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KNOXVILLE — Air Force researchers have begun testing a new University of Tennessee laser technology that could save millions of military dollars.

The tests at Holloman Air Force Base in Alamogordo, N.M., will show how UT’s Laser Induced Surface Improvement, or LISI, process can reduce worn parts at the Holloman High Speed Test Track.

The 10-mile track, the world-s longest and fastest, is used to test components such as space shuttle parts, ejector seats, and guidance systems traveling up to nine times the speed of sound.

A rocket-powered sled carrying test components is attached to steel rails by braces called “slippers” that wear out and deteriorate.

Dr. Mary Helen McCay, UT Space Institute engineering science and mechanics professor who heads

Dr. Mary Helen McCay

the LISI project, said LISI-treated slippers will be tested. The process uses lasers to coat the surface of the steel slippers with alloying materials, McCay said.

“If the slippers wear severely during the test, a payload costing millions of dollars can be lost,” McCay said. “LISI more than doubled the hardness of the steel slipper and reduced the wear on steel to one tenth of normal wear in laboratory tests conducted at slower speeds.

“If successful on the high-speed test track slippers, it will improve stability and life of the sleds, resulting in significant monetary savings for the military.”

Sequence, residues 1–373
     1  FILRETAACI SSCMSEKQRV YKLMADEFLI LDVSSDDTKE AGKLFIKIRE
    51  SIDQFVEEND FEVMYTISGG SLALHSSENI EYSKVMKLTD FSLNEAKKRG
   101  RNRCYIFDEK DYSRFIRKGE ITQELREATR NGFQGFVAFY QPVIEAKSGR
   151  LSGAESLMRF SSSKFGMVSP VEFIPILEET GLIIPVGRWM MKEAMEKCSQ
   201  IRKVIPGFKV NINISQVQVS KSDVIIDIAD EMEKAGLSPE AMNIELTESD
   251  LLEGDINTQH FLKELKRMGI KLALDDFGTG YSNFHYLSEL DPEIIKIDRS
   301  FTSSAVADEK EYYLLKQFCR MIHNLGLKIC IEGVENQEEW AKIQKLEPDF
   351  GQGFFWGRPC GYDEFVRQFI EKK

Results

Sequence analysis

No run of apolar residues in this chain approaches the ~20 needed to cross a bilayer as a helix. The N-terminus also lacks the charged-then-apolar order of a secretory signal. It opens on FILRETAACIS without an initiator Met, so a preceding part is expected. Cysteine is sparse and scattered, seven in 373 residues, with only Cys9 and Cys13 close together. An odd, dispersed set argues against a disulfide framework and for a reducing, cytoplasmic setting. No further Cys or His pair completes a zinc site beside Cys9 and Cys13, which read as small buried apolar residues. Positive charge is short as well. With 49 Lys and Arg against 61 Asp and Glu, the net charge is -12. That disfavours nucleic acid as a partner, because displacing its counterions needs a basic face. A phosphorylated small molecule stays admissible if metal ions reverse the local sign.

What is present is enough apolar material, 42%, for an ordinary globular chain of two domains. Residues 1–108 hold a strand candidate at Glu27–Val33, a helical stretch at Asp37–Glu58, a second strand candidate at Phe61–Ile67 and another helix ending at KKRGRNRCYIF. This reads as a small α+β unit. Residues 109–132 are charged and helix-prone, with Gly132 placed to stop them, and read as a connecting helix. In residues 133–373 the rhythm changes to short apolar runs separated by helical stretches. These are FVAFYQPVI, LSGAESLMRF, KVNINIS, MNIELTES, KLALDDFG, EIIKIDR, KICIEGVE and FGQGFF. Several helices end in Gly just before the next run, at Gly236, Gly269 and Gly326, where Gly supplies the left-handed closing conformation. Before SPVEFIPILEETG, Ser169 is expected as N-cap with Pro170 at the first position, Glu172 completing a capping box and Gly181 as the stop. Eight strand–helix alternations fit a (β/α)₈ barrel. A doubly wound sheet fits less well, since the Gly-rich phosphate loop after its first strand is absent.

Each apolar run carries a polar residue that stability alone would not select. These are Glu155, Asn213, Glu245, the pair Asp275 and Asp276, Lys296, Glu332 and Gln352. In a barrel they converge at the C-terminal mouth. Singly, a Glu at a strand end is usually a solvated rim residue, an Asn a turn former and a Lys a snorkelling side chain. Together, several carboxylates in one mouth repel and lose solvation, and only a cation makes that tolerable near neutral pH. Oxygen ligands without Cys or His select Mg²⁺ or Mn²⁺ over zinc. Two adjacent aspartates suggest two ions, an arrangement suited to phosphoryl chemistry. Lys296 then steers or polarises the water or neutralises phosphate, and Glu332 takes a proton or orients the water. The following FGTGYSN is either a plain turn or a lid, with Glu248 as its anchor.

Development of the new LISI technology is sponsored by the U.S. Department of Defense. The tests at Holloman are funded by a $1 million federal grant to research military laser technologies.

McCay said this is the third straight year UTSI has received the grant. She cited the leadership efforts of the state’s two U.S. senators, Bill Frist and Fred Thompson, as well as Congressman Van Hilleary, whose fourth district includes UTSI.

If LISI’s tests at 3,000 feet per second are successful, tests will be held in January at 6,000 feet per second, McCay said.

“People have come to the Air Force over the years claiming to have solutions (to worn parts). We’ve seen papers where they’ve tried all kinds of things that have not worked very well.” McCay said.

“But they became believers in LISI when we sent them some of our surfaced materials and they tried to drill a hole in it but they couldn’t. So everybody is pretty positive it is going to work.”